Python - How traverse filesystem directory

Python - How traverse filesystem directory

Every so often you will find yourself needing to write code that traverse a directory. They tend to be one-off scripts or clean up scripts that run in cron in my experience. Anyway, Python provides a very useful methods of walking a directory structure. We cover best of them.

Testing directory structure

Here is my testing filesystem tree. Root is in /test

~] tree -a /test
/test
├── A
│   ├── AA
│   │   └── aa.png
│   ├── a.png
│   └── a.txt
├── B
│   ├── BB
│   └── b.txt
├── broken_symlink -> /aaa
├── symlink -> /etc
├── .test
├── test.png
└── test.txt

python os.walk()

os.walk()
os.walk(top, topdown=True, onerror=None, followlinks=False)
  • Generate the file names in a directory tree by walking the tree either top-down or bottom-up. For each directory in the tree rooted at directory top (including top itself), it yields a 3-tuple (dirpath, dirnames, filenames)
  • dirpath is a string, the path to the directory. dirnames is a list of the names of the subdirectories in dirpath (excluding '.' and '..'). filenames is a list of the names of the non-directory files in dirpath. Note that the names in the lists contain no path components. To get a full path (which begins with top) to a file or directory in dirpath, do os.path.join(dirpath, name). Whether or not the lists are sorted depends on the file system. If a file is removed from or added to the dirpath directory during generating the lists, whether a name for that file be included is unspecified.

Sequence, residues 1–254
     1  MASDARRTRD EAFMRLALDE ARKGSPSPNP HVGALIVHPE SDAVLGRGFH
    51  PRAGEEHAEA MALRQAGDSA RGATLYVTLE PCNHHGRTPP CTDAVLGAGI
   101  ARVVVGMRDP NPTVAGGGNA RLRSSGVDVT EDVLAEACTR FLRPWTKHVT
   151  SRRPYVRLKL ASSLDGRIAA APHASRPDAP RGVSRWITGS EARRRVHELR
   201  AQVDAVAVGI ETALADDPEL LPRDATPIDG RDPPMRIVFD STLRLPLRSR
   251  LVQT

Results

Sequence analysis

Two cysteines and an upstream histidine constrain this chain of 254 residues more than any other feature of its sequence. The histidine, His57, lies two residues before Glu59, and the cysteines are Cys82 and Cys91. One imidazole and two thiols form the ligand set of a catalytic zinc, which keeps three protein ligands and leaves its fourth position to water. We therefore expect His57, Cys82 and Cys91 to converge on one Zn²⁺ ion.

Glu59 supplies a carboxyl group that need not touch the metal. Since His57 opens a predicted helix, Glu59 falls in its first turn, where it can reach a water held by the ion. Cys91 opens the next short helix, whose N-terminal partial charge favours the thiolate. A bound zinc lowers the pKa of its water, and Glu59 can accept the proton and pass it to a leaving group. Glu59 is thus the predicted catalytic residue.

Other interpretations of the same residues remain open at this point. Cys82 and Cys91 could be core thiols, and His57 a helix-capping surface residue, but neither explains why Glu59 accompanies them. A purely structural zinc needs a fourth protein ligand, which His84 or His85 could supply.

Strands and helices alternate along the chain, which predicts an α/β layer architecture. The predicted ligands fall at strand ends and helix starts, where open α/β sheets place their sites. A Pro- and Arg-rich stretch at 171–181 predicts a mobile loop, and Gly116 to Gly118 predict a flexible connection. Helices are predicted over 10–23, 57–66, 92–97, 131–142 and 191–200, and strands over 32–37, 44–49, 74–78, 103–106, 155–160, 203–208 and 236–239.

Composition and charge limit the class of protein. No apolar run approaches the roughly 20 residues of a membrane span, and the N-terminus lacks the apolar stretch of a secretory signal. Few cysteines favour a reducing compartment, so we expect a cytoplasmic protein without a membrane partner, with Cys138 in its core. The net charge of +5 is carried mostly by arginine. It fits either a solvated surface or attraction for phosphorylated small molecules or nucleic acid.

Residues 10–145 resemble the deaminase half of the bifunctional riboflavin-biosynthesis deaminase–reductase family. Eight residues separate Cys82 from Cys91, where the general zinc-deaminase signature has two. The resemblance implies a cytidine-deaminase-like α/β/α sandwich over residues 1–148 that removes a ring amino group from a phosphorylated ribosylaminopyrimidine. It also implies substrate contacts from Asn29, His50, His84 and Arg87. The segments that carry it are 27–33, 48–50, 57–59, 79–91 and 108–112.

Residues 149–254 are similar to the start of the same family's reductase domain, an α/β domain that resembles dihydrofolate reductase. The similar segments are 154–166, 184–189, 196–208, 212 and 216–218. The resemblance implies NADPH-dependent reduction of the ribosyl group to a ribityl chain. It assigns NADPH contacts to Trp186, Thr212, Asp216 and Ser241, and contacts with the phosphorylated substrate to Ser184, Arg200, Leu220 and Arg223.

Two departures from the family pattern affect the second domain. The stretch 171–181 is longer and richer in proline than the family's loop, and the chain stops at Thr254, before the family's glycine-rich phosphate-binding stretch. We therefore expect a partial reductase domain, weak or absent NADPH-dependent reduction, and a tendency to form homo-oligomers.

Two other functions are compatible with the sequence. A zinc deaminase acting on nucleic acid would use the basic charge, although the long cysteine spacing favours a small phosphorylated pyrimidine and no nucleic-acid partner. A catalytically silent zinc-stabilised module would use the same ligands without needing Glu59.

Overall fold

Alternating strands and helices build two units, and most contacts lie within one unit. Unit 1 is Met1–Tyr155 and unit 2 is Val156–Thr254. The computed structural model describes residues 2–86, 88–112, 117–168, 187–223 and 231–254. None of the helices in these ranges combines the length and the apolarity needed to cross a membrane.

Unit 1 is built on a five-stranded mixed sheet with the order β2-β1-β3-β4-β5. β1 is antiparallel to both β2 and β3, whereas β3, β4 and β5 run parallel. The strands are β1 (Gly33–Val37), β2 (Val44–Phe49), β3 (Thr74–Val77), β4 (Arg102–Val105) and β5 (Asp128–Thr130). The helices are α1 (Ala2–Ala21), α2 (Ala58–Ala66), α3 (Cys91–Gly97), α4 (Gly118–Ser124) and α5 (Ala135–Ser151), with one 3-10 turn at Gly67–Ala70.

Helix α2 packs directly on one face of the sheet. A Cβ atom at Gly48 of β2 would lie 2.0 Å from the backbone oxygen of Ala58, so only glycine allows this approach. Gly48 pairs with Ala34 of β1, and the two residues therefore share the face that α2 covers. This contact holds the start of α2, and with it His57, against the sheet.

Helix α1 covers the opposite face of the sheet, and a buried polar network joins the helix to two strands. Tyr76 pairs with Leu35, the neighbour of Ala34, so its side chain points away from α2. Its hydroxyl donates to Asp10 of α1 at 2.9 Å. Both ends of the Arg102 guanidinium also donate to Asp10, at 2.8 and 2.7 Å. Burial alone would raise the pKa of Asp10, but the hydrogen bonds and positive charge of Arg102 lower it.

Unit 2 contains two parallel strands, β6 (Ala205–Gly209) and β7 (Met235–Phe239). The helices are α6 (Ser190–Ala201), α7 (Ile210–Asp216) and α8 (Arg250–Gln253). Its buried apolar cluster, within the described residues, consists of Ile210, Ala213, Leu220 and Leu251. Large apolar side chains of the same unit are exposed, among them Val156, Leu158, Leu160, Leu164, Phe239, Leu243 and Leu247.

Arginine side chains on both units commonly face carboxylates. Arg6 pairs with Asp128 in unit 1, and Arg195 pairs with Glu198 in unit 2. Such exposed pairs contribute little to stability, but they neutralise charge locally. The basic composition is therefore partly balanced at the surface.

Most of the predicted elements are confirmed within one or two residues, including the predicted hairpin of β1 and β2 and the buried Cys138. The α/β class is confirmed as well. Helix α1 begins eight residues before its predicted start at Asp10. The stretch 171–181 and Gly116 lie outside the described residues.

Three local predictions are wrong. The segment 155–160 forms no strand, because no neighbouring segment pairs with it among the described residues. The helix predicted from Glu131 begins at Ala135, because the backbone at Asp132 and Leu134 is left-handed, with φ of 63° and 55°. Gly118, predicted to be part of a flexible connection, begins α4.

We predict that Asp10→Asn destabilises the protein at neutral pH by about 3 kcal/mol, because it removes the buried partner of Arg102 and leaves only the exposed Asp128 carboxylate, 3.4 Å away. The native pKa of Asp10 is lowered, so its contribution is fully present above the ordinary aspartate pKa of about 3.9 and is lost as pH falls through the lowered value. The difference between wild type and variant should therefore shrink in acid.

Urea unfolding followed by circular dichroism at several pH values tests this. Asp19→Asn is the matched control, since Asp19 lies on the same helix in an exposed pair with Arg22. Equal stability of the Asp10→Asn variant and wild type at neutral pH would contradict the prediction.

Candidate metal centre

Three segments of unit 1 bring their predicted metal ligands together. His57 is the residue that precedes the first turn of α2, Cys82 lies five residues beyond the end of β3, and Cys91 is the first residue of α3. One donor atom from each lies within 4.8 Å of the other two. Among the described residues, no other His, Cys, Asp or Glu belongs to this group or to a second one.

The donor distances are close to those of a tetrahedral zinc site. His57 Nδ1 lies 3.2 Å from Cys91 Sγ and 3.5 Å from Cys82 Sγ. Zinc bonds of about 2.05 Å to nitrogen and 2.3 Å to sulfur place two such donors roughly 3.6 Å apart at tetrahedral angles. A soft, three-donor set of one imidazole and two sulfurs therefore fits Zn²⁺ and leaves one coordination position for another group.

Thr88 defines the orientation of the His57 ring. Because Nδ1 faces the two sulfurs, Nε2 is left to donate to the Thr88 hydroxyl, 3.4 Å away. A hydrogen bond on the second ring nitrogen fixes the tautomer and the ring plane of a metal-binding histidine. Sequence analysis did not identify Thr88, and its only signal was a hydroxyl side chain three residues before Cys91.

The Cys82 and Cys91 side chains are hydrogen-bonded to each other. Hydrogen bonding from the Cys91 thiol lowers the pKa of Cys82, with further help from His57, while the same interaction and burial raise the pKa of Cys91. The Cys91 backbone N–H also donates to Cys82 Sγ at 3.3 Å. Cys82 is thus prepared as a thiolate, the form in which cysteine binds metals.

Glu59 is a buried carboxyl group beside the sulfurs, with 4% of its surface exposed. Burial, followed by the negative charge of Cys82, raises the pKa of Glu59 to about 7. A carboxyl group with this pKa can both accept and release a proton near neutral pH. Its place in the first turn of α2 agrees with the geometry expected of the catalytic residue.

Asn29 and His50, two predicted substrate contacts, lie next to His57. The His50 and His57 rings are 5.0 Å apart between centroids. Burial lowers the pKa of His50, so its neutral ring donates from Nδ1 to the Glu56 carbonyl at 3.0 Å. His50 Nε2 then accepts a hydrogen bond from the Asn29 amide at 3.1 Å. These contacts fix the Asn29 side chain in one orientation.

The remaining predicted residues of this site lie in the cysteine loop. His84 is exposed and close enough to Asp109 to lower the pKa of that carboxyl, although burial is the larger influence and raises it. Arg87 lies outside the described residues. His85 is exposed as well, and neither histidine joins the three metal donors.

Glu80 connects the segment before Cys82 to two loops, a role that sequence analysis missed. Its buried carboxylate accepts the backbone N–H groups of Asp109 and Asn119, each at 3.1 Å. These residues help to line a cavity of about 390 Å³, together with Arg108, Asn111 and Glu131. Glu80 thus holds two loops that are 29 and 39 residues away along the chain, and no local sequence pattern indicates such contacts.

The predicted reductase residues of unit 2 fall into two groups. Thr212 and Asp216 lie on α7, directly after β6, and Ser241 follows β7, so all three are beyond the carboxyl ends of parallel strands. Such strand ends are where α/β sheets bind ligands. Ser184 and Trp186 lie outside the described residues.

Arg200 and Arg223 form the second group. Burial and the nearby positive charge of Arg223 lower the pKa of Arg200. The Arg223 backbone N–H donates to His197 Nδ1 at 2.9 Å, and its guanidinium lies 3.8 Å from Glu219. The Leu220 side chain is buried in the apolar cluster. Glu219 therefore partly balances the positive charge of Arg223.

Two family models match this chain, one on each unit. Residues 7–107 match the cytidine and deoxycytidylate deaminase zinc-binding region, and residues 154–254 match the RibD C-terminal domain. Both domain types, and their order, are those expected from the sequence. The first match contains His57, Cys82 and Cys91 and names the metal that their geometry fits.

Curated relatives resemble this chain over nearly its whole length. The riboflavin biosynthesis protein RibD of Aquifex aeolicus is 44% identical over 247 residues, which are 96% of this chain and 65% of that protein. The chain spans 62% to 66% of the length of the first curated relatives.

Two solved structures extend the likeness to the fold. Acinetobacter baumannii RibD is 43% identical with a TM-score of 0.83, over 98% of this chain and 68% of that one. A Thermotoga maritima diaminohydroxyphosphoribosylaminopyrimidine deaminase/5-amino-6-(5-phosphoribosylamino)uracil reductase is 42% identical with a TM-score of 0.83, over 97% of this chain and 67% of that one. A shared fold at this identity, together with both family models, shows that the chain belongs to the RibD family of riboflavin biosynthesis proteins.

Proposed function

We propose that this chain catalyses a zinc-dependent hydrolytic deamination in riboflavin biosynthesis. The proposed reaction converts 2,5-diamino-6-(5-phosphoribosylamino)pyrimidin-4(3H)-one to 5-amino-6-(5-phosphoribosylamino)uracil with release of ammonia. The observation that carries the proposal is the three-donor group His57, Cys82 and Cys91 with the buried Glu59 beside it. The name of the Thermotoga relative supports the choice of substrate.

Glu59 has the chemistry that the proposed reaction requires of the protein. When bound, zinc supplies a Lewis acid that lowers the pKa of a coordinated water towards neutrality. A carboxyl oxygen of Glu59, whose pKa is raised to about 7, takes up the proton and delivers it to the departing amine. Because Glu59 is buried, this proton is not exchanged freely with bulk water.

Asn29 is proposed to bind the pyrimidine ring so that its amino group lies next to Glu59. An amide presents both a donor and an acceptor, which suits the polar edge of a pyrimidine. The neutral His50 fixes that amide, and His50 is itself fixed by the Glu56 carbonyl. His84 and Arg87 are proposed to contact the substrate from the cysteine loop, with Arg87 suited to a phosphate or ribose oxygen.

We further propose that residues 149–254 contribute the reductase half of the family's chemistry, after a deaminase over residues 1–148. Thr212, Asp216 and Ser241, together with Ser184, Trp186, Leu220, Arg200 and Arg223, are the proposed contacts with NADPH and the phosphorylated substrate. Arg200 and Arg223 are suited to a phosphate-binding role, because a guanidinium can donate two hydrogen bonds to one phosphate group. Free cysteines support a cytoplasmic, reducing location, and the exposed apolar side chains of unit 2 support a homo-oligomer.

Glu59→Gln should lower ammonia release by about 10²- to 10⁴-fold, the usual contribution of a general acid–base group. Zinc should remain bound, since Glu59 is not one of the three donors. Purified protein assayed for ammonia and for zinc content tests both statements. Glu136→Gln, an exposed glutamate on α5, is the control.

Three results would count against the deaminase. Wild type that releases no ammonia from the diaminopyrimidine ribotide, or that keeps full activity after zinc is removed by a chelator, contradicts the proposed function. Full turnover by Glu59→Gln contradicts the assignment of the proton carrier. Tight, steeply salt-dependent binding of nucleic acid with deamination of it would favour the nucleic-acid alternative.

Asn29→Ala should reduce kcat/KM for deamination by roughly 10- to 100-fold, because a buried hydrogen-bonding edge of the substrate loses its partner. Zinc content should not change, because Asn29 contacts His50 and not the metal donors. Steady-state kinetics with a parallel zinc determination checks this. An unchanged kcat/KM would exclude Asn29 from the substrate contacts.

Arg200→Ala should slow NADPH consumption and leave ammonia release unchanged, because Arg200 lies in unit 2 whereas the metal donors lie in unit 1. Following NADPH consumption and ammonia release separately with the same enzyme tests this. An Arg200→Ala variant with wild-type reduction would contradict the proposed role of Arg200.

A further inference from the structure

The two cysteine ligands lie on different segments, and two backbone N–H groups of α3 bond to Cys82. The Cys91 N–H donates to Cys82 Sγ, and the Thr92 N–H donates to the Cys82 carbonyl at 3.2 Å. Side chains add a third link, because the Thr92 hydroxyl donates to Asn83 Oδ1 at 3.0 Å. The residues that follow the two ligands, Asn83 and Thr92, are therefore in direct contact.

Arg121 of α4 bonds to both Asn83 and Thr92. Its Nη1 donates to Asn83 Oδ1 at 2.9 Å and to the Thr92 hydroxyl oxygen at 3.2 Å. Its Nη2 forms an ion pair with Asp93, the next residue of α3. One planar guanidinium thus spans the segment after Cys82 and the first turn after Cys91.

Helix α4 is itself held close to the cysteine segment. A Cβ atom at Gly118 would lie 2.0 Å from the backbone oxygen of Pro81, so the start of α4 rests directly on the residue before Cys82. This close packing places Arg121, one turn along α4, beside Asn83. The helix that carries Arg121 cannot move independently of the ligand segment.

• If optional argument topdown is True or not specified, the triple for a directory is generated before the triples for any of its subdirectories (directories are generated top-down). If topdown is False, the triple for a directory is generated after the triples for all of its subdirectories (directories are generated bottom-up). No matter the value of topdown, the list of subdirectories is retrieved before the tuples for the directory and its subdirectories are generated.
  • By default, walk() will not walk down into symbolic links that resolve to directories. Set followlinks to True to visit directories pointed to by symlinks, on systems that support them.

os.walk() example 1

~] tree -a /test
/test
├── A
│   ├── AA
│   │   └── aa.png
│   ├── a.png
│   └── a.txt
├── B
│   ├── BB
│   └── b.txt
├── broken_symlink -> /aaa
├── symlink -> /etc
├── .test
├── test.png
└── test.txt
import os

for root, subfolders, filenames in os.walk("/test"):
    print(root, subfolders, filenames)

# output:
/test ['A', 'B', 'symlink'] ['.test', 'test.png', 'test.txt', 'broken_symlink']
/test/A ['AA'] ['a.txt', 'a.png']
/test/A/AA [] ['aa.png']
/test/B ['BB'] ['b.txt']
/test/B/BB [] []

os.walk() example 2

~] tree -a /test
/test
├── A
│   ├── AA
│   │   └── aa.png
│   ├── a.png
│   └── a.txt
├── B
│   ├── BB
│   └── b.txt
├── broken_symlink -> /aaa
├── symlink -> /etc
├── .test
├── test.png
└── test.txt
import os

for root, subfolders, filenames in os.walk("/test"):
    for file in filenames:
        print(os.path.join(root, file))

# output
/test/.test
/test/test.png
/test/test.txt
/test/broken_symlink
/test/A/a.txt
/test/A/a.png
/test/A/AA/aa.png
/test/B/b.txt